Tuesday, May 14, 2013

Real-Life Probability

GE used to have a human resource policy that they would let go the bottom 10% of their workforce. Assuming the performance review results fit a bell curve (normal distribution), that means you couldn't be more than 1.28 standard deviations below the mean. If you remember anything about results from a stable, controlled process, it doesn't take much to find yourself 1.5 or 1.8 standard deviations from the mean.

We would say the performance review process and the human resource system is giving us the results we expect unless we have a result more than 3 standard deviations from the mean, or two out of 3 beyond 2 standard deviations. Deming, who famously exhorted us leaders to drive fear out of the workplace, would have gone ballistic with this system. Getting a low rating would have seemed capricious and random, and getting a high enough rating would have seemed indeterminable and unearned.

Lately a financial advisory company has been showing a commercial that has people creating a histogram from the age of the oldest person they know. It purportedly demonstrates that we're living longer and therefore we need more to carry us longer into our old age. However, it's not a distribution of the average age at death. It's not a picture of the average age of people we know. It's not a picture of the average life past retirement. It's a skewed question giving us skewed results. It's only a picture of the right-hand tail of an age distribution. And not a very good one...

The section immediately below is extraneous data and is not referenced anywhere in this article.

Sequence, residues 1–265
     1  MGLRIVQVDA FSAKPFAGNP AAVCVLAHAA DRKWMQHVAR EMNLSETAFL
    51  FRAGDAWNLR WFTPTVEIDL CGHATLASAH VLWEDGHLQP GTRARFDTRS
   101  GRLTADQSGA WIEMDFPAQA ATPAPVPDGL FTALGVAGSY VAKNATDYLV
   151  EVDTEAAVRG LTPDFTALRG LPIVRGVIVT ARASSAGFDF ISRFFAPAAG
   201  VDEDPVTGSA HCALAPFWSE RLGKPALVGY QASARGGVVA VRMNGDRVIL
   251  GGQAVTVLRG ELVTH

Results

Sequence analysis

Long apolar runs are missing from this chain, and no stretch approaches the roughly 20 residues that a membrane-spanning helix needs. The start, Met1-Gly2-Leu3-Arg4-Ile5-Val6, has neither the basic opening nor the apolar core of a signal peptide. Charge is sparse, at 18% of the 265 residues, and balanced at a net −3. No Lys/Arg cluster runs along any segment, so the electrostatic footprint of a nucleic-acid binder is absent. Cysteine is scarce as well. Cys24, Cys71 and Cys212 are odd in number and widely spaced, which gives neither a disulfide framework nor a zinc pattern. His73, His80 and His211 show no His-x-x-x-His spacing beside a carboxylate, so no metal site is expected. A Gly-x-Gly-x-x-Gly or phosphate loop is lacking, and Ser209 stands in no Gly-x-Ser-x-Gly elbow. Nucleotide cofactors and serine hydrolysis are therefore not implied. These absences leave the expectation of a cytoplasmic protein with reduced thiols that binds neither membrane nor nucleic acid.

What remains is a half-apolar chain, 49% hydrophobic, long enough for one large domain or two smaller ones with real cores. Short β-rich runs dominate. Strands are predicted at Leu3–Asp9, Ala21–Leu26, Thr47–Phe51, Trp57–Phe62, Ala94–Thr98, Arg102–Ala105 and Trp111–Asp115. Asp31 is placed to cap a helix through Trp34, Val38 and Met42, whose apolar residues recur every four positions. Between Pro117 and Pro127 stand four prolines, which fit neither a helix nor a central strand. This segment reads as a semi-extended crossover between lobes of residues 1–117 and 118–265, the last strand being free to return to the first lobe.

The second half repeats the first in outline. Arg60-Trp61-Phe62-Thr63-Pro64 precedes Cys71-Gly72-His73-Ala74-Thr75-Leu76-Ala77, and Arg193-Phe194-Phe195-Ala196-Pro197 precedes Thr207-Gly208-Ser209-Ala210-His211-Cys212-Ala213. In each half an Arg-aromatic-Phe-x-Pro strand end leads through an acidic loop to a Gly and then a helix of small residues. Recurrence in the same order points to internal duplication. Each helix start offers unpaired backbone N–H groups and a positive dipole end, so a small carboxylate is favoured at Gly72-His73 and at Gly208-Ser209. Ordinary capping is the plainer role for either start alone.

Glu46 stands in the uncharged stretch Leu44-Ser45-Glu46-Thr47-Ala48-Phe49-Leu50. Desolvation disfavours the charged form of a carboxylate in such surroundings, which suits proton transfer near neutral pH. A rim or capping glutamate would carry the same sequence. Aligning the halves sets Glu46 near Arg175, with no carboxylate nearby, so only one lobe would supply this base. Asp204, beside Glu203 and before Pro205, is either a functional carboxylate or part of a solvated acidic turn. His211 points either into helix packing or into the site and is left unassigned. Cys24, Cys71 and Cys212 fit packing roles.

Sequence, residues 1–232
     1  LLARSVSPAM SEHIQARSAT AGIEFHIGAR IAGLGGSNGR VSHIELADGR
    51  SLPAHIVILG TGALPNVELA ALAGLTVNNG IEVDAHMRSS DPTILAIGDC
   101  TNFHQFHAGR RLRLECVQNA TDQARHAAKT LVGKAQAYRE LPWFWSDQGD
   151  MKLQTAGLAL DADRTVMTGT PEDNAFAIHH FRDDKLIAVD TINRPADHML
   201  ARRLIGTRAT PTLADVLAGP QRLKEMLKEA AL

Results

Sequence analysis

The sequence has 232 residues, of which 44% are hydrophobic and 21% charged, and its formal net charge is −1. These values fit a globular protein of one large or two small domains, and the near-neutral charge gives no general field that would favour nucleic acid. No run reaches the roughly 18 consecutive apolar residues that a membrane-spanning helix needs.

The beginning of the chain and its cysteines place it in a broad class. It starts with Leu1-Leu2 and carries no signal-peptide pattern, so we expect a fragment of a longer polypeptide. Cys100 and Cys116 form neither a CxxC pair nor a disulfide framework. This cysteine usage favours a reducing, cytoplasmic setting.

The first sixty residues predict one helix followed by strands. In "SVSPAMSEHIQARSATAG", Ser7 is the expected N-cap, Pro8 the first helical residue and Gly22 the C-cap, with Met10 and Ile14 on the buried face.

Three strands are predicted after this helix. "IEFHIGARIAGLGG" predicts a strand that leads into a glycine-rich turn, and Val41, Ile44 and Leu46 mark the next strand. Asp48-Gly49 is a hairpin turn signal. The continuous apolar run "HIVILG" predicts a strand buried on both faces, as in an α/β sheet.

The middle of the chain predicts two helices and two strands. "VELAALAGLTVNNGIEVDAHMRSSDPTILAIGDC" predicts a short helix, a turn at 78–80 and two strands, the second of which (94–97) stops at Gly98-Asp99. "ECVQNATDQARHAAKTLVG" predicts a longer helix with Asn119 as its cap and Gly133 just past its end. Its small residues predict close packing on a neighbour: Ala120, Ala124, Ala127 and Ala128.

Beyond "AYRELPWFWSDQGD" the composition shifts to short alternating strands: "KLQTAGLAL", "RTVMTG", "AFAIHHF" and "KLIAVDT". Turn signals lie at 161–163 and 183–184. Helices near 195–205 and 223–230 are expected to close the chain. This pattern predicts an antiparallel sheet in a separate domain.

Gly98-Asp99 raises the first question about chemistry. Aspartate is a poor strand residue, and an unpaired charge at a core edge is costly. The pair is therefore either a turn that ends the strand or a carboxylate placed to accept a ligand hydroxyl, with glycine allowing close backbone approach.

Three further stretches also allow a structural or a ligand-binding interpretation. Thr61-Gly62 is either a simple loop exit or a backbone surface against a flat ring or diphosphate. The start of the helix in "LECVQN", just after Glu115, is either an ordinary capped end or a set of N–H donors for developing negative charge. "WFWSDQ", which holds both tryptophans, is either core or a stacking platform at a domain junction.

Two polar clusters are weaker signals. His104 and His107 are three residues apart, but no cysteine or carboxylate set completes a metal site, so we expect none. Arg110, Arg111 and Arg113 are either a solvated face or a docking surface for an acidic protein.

The commercial assumes people are randomly selected and not from the same neighborhood or family groups. The results can be skewed because everyone knows the same old man or old woman. In one community, we asked people if they had a drug or alcohol problem. The results were really low. The answer to the question of whether they knew someone else who had a drug or alcohol problem came back ten times the answer to the other question. Either people lied about themselves or they all know the same 'town drunk'.

When we look at business results, we need to understand the likelihood of the outcomes. We all remember decision trees from the business school class on decision-making. By knowing the probabilities of success for a range of strategies or the probabilities of occurrence for a range of events and the monetary results given those circumstances, we can calculate the expected results for the organization. How often do we do this? I have yet to see a company do it, or hear of a company doing it. Yet, it's good information when analyzing the  year-end results, and knowing if we induced a 'special cause' and got extraordinary results...or we just saw normal variation and normal results though higher or lower than the year before.

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